I took part in the MA ‘Choreography for Non-dancers’ Workshop on Tuesday 26th November, which deconstructed the perceptions surrounding movement, and explored the awareness of each individual movement that we make as performers. Personally, the workshop aroused an enquiry into what shapes societies perception of choreography and the limitations that affect body movement in general. Similarly, Peter Merriman has raised the question of “how (and to what extent) are human agents’ actions and movements choreographed, codified, entrained or constrained by ‘outside’ agents, structures, architectures and discursive regimes?” (2010, p. 428). I feel that this question is central to our understanding of choreography and its relation to contemporary performance.
Our performance of 33 Minutes will be sound-driven. However, in order to emphasise our theme of entrapment further, we are limiting our ability to move naturally, by tangling our bodies in the ‘dog lead sculpture’ installation. Therefore, our inability to move freely has caused us to think more abstractly about physicality, and how to present movement in a distorted state. For example, jerking hand or arm movements might help to indicate that our bodies, in the performance, are seeking freedom. In the warm-up, during the workshop, Hannah taught us to stretch every inch of our bodies and work every muscle to its limit. The restraints that we will have during the performance will, in effect, set us a challenge physically. We will be using our strength to push the boundaries that are caused by us being tied up, and help us to perform as rigorously as possible.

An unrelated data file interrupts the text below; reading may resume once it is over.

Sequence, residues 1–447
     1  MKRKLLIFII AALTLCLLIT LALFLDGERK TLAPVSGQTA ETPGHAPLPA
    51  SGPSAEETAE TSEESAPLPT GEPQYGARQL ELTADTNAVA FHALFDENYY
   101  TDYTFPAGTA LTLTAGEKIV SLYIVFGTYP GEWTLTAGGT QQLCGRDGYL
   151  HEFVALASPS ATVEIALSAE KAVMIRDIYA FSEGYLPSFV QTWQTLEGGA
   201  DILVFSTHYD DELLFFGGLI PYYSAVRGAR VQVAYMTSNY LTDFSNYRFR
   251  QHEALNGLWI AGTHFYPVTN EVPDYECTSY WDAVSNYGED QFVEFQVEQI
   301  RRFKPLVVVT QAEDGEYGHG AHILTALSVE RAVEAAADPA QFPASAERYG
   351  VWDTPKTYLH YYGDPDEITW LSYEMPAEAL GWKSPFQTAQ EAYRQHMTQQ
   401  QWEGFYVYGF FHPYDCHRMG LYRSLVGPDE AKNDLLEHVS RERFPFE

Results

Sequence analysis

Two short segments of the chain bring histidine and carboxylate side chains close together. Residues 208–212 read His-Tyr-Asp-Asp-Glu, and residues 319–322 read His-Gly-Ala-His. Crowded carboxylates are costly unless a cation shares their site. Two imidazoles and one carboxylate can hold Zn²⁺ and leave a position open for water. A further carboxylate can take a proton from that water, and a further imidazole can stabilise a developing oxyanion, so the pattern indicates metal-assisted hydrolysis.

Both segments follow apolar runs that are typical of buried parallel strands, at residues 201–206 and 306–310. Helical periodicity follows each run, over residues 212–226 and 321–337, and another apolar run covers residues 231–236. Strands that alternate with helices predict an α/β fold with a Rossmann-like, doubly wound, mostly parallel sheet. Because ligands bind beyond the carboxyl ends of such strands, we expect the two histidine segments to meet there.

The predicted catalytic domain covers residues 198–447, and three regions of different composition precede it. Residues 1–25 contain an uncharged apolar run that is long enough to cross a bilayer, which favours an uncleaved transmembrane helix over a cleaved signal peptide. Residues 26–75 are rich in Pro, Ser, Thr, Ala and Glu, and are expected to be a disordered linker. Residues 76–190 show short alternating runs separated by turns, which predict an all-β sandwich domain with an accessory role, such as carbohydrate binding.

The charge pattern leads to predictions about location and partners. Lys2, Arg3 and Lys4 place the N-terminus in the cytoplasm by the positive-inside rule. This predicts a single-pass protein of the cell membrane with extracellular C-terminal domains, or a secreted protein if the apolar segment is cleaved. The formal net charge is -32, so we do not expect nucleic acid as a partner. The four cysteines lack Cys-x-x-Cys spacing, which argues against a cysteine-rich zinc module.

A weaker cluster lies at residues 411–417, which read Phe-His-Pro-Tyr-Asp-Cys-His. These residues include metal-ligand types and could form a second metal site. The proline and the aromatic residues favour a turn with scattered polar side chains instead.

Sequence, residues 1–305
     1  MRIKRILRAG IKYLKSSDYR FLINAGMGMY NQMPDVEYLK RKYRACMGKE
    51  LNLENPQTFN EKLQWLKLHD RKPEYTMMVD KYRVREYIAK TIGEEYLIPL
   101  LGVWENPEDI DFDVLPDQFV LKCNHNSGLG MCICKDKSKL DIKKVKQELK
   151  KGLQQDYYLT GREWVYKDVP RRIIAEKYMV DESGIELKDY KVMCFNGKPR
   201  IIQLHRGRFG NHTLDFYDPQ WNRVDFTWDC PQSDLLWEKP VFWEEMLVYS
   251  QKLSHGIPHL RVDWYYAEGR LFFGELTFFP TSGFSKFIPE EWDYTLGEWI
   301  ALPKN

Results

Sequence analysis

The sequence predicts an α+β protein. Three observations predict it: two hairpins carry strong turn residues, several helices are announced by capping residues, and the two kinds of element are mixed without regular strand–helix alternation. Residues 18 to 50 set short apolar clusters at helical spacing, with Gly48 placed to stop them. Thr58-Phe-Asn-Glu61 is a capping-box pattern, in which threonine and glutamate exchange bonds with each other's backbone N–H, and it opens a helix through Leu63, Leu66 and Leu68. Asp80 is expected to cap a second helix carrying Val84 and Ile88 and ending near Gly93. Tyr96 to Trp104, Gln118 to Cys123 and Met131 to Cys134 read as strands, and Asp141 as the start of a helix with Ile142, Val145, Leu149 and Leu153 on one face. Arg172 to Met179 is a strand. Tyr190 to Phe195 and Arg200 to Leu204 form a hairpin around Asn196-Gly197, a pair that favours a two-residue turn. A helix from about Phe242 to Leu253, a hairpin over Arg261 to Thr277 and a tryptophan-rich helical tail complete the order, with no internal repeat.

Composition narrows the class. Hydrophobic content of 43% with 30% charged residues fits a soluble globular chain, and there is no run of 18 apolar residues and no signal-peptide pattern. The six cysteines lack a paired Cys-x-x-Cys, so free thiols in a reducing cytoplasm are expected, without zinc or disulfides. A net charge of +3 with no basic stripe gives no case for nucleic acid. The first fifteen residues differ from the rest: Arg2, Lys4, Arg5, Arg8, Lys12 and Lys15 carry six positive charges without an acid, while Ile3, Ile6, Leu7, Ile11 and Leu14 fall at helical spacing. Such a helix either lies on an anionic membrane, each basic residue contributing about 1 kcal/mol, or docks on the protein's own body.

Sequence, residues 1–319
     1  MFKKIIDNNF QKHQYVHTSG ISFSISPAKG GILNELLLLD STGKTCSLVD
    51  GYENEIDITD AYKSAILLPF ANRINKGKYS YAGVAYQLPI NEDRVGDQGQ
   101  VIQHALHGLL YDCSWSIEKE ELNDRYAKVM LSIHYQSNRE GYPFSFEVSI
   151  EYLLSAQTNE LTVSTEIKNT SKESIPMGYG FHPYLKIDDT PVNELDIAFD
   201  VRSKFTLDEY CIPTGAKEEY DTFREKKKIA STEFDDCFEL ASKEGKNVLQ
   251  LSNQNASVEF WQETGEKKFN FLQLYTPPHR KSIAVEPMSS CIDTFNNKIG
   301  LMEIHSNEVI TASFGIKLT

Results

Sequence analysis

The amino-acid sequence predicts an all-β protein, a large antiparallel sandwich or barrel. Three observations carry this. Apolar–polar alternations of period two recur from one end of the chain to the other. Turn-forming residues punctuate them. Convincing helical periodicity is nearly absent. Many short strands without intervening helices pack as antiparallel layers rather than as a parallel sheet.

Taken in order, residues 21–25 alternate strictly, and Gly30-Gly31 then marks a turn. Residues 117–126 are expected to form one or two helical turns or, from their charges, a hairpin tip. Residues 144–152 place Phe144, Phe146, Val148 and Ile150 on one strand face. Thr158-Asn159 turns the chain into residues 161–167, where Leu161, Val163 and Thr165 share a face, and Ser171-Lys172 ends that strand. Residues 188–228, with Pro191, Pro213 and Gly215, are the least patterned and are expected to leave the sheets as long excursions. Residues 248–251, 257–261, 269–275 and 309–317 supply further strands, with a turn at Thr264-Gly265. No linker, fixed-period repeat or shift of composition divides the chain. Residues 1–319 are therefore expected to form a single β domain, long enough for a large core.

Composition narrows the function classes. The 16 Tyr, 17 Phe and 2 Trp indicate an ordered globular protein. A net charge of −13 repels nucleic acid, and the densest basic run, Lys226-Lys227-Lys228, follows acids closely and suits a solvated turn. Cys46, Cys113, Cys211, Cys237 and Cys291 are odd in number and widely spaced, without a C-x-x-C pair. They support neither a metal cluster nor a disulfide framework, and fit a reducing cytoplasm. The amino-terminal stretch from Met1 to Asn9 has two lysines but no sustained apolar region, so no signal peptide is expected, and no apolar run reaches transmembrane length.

During the Contemporary Experimental Performance workshops, led by Dan Hunt, we have experimented with the use of our bodies, and how we are faced with limitations in particular spaces or settings. As a group, we have explored the different ways of responding to these spaces and the new choreography that they create. In a recent workshop, based on one-to-one performance, a number of class members inhabited small spaces around the LPAC. For example, the space underneath a table was occupied by Libby Soper, who invited a single audience member under the table, for a discussion. The work of Richard Schechner “overcame a sense of place in order to create a malleable space that the actors and audience could share” (Govan et al, 2007, p. 107), suggesting a need for intimacy in the audience-performer relationship. The workshop based on one-to-one performances also highlighted how the solo audience member and the performer can feel at one with the space, since there is a genuine closeness that develops within that setting.
By Sophie Bullivant
Govan, Emma, Nicholson, Helen and Katie Normington (2007) Making a Performance: Devising Histories and Contemporary Practices, Oxon: Routledge.
Merriman, Peter (2010) Architecture/dance: choreographing and inhabiting spaces with Anna and Lawrence Halprin. Cultural Geographies, 17 (4) pp. 427-449.